• The World Health Organization says that by March 13, there were 41 different trial vaccines being developed across the world.
• Leading virologist and immunologist Prof Omu Anzala said rials could take longer if the SARS-CoV-2, the virus that causes coronavirus disease, or COVID-19, mutates further.
The first person was injected with a trial coronavirus vaccine yesterday, raising hopes the vaccine could be available next year, or in 2022.
Researchers will inject 45 people to see if the trial vaccine is safe and if it actually stimulates the body's immune system to fight the virus.
The trial is taking place in Seattle, United States, and is conducted by the biotechnology company Moderna.
The World Health Organization said that by March 13, some 41 different trial vaccines were being developed across the world.
But Kenyan researchers said it will take at least one year before any vaccine is available on the market.
The vaccine has to undergo four stages before it's allowed in the market. In the first stage, it is tested on animals.
"It can be a monkey or a mouse but scientists prefer a monkey since we have many things in common,” said Dr Nelly Mugo, chief research officer at the Kenya Medical Research Institute.
“The vaccine is later used on a small group of people who are extremely healthy in the second stage to see if it can work,” Mugo said.
She said that the number of people is expanded in the third stage.
The Seattle vaccine candidate — called mRNA-1723 — was not tested in mice before beginning human clinical trials, angering some researchers who are concerned about what they call lack of ethical and safety standards that could put trial participants at greater than acceptable risk.
Leading virologist and immunologist Prof Omu Anzala said the trials could take longer if the SARS-CoV-2, the virus that causes coronavirus disease, or COVID-19, mutates further.
"The earliest we're talking about is two years because of the nature of the virus. Some vaccines might even enhance the virus," he said at a public forum at the University of Nairobi.
China shared publicly the full sequence of the virus in January, kickstarting efforts around the world to develop vaccines.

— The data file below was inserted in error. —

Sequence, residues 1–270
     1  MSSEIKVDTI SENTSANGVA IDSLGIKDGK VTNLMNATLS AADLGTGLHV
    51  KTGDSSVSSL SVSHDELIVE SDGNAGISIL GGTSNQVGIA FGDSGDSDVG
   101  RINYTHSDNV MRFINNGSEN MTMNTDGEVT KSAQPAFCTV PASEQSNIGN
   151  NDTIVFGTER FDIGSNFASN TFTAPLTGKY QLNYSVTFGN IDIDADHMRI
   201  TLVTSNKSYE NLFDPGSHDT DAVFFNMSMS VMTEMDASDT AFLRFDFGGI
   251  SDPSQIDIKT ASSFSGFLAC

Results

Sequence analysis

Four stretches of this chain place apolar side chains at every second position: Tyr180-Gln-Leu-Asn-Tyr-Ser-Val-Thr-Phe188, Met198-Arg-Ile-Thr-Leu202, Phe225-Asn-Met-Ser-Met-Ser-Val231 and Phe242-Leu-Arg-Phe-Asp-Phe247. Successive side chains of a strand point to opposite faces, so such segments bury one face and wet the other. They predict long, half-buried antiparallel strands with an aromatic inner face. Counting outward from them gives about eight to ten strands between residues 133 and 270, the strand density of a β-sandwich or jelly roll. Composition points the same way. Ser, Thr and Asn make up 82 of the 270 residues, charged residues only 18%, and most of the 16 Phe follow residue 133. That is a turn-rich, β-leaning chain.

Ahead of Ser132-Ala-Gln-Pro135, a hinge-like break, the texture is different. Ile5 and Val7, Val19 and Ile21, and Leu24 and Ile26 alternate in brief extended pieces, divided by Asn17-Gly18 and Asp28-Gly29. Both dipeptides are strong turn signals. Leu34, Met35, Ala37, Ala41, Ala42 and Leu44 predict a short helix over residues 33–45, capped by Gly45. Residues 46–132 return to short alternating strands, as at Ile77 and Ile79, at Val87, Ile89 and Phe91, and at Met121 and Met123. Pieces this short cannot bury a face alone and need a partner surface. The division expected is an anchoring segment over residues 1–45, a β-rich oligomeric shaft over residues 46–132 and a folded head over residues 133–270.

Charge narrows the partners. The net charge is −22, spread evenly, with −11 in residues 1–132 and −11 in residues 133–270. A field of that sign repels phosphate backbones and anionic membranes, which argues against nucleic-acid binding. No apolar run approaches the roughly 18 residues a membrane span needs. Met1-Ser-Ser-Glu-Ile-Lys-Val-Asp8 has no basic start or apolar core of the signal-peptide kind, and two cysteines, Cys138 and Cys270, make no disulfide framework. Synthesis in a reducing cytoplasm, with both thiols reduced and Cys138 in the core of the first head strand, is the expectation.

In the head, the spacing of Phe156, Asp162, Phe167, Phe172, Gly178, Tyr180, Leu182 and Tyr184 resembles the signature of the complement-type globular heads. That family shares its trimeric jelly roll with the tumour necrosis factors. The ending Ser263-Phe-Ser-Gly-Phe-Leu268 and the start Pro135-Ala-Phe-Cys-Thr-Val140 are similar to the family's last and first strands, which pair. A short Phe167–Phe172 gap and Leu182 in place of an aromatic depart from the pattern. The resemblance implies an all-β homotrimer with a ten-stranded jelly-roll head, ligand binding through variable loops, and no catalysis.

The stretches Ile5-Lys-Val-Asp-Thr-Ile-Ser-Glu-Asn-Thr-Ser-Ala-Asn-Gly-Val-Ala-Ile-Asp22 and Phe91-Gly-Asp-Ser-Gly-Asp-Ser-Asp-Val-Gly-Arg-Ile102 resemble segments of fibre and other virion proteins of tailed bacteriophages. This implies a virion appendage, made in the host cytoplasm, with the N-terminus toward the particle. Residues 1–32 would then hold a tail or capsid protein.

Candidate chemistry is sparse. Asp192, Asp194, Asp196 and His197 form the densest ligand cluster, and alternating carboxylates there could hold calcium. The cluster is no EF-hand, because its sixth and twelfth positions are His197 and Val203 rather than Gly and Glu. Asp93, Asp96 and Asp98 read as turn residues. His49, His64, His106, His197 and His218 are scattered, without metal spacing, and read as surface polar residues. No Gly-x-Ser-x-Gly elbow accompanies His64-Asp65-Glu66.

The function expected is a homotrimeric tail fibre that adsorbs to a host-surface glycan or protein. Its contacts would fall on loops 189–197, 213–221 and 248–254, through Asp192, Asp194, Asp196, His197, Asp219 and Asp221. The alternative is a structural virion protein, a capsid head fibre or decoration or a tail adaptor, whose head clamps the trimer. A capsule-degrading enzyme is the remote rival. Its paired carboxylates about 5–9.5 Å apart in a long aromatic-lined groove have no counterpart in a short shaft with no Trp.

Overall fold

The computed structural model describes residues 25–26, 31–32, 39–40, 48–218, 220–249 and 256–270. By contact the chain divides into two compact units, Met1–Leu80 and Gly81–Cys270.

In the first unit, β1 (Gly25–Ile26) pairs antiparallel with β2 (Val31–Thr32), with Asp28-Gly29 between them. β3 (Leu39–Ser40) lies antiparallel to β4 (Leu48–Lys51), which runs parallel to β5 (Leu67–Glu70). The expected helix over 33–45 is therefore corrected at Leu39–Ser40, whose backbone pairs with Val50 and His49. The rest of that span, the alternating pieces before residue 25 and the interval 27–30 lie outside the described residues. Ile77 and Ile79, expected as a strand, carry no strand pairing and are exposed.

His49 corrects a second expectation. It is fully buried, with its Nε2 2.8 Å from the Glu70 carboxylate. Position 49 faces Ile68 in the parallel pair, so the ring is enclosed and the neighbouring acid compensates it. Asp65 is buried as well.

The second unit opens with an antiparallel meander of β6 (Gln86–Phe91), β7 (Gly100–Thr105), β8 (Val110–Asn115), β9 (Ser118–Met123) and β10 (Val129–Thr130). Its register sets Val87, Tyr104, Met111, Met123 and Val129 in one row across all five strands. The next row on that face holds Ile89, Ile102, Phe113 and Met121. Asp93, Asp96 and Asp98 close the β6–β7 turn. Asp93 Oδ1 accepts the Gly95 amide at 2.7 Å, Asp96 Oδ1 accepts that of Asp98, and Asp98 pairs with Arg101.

Vaccines have historically taken two to five years to develop.
A vaccine works by helping the immune system learn to recognise a specific threat by tricking it into thinking it’s under attack.
Then it can produce the antibodies it needs without having to face a real infection.
Dr Ahmed Kalebi, the CEO of Lancet Group of Laboratories, said if the SARS-CoV-2 does not mutate, it may take a minimum eight months for a vaccine to be available.
"For the current virus, it's easy to come up with a vaccine. It is not as hard as HIV," he told the Star.
"But safety testing takes a long time."
He said Kenya is lucky to have had time to prepare before an outbreak here.
"You can’t stop the virus for now but you can flatten the peak, as Singapore did, by taking it seriously. The US and Italy took it lightly and that's why they have a crisis."
Nairobi-based public health specialist Dr Cosmas Mugambi also says a vaccine will not be available this year.
"No vaccine or effective antiviral drug will be available soon; challenges of Phase 3 trials are obvious and manufacturing at scale requires 12 to 18 months," he told the Star.
While the number of coronavirus cases has surpassed 127,000 globally, more than 70,000 people have fully recovered, while the rest are receiving treatment.
Of the 4,700 people who have died, the majority were older adults with pre-existing health conditions that had already compromised their immune systems.
Head of Moi Teaching and Referral Hospital Dr Wilson Aruasa said on Friday the majority of patients across the world exhibit only mild to moderate symptoms.
WHO says these mild symptoms include cough and fever. They could be like a cold or the flu.
WHO said those who experience mild illness typically recover within two weeks, while those who experience a more severe illness could take as long as six weeks to recover.
"Those with mild symptoms will require isolation at home and monitoring. Only when they deteriorate will they be hospitalised," Dr Aruasa told the Star.
(Edited by V. Graham)